Will 2007 be the year that Mobile Marketing goes mainstream? It appears so.
On Wednesday, Media Technology Futures highlighted a few interesting developments:
In Europe, mobile phone operators are taking the lead with the likes of Vodafone partnering with Google (to pair Internet searches with link-based advertising) and Yahoo (to develop banner ads and short videos). Yahoo is displaying ads on WAP sites accessible to subscribers with advanced mobile phones in 19 countries. The mobile customer will see the ads when they hit Yahoo's home page on their phones. By clicking on the ad, the phone will dial the company directly or send more information. Companies that are working with Yahoo include P&G, Intel and Pepsi in countries like the U.S., Britain, France, Germany, Brazil and India.
A company in the Netherlands, HotSMS , is currently delivering a free, ad-sponsored SMS offer.
In the U.S. Sugar Mama is offering prepaid customers additional minutes as long as they watch online ads, answer questions by SMS or fill out surveys about products and services. Xero Mobile is targeting the college market (true gabbers, as we all know) with subsidized talk time in exchange for viewing advertising.
Meanwhile, Hearst Magazines, the publisher of many popular magazines, is rapidly expanding its mobile offerings, recognizing that the time has come to reach their readers in new, innovative ways:
New mobile sites for Seventeen, Cosmo Girl, and Cosmopolitan are now available in the magazines section of Verizon Wireless' Mobile Web 2.0 service. Sites for Esquire, Good Housekeeping, House Beautiful, Popular Mechanics, and Redbook are on the way, along with additional carrier deals.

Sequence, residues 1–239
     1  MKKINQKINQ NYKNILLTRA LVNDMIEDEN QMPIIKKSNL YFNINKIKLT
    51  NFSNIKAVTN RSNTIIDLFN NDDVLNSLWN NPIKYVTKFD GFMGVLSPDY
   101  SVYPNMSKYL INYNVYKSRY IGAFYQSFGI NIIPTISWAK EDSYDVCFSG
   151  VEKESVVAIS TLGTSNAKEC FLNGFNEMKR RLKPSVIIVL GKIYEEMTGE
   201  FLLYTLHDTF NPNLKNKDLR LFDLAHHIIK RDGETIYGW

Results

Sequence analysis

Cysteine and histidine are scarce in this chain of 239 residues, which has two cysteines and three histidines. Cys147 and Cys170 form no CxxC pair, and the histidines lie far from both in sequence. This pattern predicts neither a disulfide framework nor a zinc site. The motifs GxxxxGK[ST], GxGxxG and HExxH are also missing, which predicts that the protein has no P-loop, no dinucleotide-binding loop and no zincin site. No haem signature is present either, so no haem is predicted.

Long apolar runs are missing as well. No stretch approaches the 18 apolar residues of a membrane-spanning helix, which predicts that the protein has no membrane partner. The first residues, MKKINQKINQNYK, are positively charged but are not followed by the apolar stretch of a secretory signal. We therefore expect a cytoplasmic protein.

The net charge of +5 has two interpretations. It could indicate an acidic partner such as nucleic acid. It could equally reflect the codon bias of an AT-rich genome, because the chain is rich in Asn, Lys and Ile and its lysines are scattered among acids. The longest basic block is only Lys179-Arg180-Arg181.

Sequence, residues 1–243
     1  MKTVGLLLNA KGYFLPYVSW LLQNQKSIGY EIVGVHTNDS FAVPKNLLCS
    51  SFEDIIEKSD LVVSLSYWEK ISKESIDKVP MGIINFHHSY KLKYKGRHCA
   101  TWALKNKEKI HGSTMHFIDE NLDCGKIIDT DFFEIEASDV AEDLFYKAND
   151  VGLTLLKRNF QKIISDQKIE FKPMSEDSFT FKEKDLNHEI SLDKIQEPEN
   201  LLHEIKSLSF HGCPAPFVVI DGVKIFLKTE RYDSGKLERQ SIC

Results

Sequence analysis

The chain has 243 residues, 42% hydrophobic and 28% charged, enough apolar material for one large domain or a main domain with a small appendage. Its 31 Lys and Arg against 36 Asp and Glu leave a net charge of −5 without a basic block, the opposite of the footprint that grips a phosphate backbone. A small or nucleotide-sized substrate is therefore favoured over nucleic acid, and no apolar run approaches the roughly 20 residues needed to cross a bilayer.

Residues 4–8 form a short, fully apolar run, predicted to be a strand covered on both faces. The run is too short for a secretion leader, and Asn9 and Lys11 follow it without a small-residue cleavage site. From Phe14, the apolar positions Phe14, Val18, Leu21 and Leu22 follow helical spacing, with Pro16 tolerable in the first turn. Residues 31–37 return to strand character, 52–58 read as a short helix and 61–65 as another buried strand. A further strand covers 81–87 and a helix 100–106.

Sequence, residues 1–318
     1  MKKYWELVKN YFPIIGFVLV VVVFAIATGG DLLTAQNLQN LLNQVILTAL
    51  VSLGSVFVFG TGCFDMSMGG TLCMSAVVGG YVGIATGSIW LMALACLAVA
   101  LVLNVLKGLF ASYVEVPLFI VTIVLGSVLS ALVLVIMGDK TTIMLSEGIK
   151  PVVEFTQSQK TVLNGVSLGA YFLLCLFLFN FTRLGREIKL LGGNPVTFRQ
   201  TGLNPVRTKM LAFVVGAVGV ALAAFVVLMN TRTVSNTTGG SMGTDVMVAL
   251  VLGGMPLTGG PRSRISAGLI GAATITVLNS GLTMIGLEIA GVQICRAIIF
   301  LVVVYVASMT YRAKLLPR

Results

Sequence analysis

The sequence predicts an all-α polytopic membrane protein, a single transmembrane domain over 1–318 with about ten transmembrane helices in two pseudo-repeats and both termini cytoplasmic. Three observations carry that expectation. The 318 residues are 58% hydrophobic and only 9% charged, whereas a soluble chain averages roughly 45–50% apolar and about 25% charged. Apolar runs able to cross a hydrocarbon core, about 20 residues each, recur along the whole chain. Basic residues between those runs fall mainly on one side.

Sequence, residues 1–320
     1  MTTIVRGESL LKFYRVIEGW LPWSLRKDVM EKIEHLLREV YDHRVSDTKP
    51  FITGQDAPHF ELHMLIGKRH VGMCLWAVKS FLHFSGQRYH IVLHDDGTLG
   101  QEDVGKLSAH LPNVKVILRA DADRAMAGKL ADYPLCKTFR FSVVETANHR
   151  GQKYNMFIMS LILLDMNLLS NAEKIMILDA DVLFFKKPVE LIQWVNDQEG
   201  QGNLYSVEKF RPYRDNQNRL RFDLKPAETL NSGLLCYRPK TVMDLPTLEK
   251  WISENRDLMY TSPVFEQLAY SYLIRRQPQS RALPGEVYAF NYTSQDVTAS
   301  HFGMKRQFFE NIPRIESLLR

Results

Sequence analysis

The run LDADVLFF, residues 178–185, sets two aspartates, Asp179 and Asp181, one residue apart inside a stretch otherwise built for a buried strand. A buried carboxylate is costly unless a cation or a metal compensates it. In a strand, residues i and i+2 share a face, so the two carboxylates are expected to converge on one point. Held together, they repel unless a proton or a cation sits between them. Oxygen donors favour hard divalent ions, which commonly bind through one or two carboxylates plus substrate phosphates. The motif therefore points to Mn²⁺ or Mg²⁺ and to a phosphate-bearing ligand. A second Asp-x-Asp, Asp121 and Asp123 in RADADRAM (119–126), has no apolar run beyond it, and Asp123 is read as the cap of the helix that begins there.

What spurred the move?
But as consumers and advertisers migrate away from print, Hearst is making a bigger push to beef up mobile. "The new mobile sites for all of our magazines will have richer, more interactive content and will be tied more closely to the magazine's editorial content, in addition to being free to any consumer," said one company spokeswoman.
Just what sort of shift are we looking at? Is it a minor one? Or are we witnessing the first rumblings of a complete realignment of the mediascape? Ask CBS:
UNDERSCORING ITS AMBITIONS FOR THE so-called third screen, CBS on Wednesday announced the creation of CBS Mobile as a new division within CBS Interactive.
Among its mobile ventures to date, CBS has struck content deals with wireless partners including MediaFlo, a division of Qualcomm, Verizon's V-Cast service, Amp'd Mobile and Cingular. It has also introduced video breaking news alerts for CBS News and text-message voting for shows including the Emmy Awards, among other mobile plays.